Building resilience in students is crucial to help them navigate the challenges of academic life and beyond. As psychology instructors, we can play a vital role in developing their coping skills and problem-solving abilities. Here are some effective strategies to consider. Many of these can be implemented both in small and large enrollment classes.

  • Provide theoretical knowledge: Introduce students to various coping mechanisms and problem-solving strategies through theoretical foundations. Explain concepts like cognitive-behavioral approaches and problem-solving models.
  • Demonstrate practical examples: Use real-life scenarios and case studies to illustrate the application of coping and problem-solving techniques. Show how individuals have effectively managed stress and adversity using specific strategies.
  • Engage students in experiential learning: Incorporate experiential activities, such as relaxation exercises, mindfulness practices, and stress management techniques, to help students practice coping skills. Use hypothetical scenarios for problem-solving exercises.
  • Foster group discussions and collaboration: Encourage group discussions and collaborative problem-solving exercises to enhance communication and teamwork skills. Students can learn from each other's perspectives.
  • Assign Reflective exercises: Ask students to maintain reflective journals to analyze their coping strategies and problem-solving approaches. Encourage self-awareness and metacognitive thinking.
  • Integrate technology and resources: Utilize digital tools and online resources that offer coping mechanisms and problem-solving guidance. Recommend stress reduction apps and decision-making aids.
  • Invite guest speakers: Guest speakers, such as mental health professionals or individuals with resilience experiences, can provide valuable insights and real-world examples.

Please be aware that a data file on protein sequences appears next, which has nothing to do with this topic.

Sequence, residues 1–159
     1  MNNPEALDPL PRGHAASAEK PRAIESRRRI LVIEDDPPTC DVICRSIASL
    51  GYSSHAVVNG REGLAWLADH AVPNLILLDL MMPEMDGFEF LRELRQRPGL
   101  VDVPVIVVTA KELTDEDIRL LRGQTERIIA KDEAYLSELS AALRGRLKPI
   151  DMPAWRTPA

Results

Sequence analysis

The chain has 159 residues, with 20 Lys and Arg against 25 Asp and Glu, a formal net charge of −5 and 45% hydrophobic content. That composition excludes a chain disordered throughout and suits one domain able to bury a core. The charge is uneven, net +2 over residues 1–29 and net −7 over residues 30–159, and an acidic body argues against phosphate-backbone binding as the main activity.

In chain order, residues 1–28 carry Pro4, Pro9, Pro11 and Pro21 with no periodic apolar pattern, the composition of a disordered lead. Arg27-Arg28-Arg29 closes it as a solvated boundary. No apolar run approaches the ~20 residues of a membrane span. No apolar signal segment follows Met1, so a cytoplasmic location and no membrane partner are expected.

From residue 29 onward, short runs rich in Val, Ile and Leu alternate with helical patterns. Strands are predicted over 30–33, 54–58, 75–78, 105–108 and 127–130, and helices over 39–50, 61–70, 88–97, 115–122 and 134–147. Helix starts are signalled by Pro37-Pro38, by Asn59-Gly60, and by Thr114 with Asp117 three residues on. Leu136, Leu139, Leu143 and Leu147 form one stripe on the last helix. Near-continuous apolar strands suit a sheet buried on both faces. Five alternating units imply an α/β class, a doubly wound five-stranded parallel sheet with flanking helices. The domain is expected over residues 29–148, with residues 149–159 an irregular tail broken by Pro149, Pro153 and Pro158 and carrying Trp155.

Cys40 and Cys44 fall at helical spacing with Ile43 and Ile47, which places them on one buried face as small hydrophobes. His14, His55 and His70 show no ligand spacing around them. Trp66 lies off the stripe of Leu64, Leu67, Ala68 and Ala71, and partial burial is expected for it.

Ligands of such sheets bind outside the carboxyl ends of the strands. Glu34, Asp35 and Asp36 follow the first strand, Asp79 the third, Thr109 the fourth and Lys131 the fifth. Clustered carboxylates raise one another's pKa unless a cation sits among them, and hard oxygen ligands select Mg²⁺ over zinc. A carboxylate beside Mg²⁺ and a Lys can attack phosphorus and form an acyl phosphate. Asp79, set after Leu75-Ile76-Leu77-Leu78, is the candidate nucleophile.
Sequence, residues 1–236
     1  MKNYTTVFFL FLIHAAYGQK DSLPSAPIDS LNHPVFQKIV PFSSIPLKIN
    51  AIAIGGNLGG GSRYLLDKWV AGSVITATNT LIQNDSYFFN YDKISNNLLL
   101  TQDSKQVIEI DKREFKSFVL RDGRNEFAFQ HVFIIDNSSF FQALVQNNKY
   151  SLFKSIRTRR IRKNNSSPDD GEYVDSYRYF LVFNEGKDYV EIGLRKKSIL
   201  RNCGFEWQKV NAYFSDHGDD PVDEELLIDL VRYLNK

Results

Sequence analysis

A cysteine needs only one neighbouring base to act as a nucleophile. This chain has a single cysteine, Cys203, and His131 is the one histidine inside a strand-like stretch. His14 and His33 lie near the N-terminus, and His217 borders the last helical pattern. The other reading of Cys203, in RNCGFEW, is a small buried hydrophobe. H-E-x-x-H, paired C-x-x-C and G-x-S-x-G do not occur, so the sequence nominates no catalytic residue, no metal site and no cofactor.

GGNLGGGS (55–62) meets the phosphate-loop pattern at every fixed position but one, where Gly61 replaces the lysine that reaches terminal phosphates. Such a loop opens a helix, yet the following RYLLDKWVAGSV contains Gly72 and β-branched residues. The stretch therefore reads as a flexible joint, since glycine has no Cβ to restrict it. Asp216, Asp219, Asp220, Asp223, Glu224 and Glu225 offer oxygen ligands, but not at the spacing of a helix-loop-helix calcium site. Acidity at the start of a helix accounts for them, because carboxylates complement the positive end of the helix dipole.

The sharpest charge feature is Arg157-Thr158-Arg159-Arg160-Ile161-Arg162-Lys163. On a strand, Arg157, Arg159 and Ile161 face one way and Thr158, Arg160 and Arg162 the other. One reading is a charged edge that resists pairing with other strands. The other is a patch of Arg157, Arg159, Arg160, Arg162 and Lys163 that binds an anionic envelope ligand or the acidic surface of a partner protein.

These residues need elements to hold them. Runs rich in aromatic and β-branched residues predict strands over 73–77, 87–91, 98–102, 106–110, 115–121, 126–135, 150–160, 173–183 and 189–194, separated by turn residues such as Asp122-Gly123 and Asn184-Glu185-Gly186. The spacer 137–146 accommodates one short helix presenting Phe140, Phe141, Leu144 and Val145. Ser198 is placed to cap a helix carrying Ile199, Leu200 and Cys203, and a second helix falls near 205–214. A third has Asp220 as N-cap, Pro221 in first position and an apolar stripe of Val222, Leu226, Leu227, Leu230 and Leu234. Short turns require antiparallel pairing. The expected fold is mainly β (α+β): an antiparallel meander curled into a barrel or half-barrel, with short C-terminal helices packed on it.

• Provide constructive feedback: Assess students' coping skills and problem-solving abilities through assignments or quizzes. Offer constructive feedback to help them improve.
  • Promote self-reflection and self-care: Emphasize the importance of self-care and self-reflection in building resilience. Encourage students to evaluate their strategies and make adjustments when needed.
  • Foster a growth mindset: Encourage students to adopt a growth mindset, viewing challenges as opportunities for growth and learning. Teach them to develop resilience through perseverance and effort.
  • Stay updated and adaptable: Keep abreast of the latest research on coping mechanisms and problem-solving strategies. Be adaptable in your teaching methods to meet students' evolving needs.

Building resilience in college students is an ongoing process that requires empathy, understanding, and support. By implementing these strategies, psychology instructors can equip their students with the tools and knowledge to navigate the ups and downs of college life and beyond. Creating a compassionate and supportive environment will foster their growth, allowing them to thrive personally and academically.

Resources Consulted

DeRosier, M. E., Frank, E., Schwartz, V., & Leary, K. A. (2013). The potential role of resilience education for preventing mental health problems for college students. Psychiatric Annals43(12), 538-544.

Rogers, H. B. (2013). Mindfulness meditation for increasing resilience in college students. Psychiatric Annals43(12), 545-548.

Shatkin, J. P., Diamond, U., Zhao, Y., DiMeglio, J., Chodaczek, M., & Bruzzese, J. M. (2016). Effects of a risk and resilience course on stress, coping skills, and cognitive strategies in college students. Teaching of Psychology43(3), 204-210.

Walsh, P., Owen, P. A., Mustafa, N., & Beech, R. (2020). Learning and teaching approaches promoting resilience in student nurses: An integrated review of the literature. Nurse education in practice45, 102748.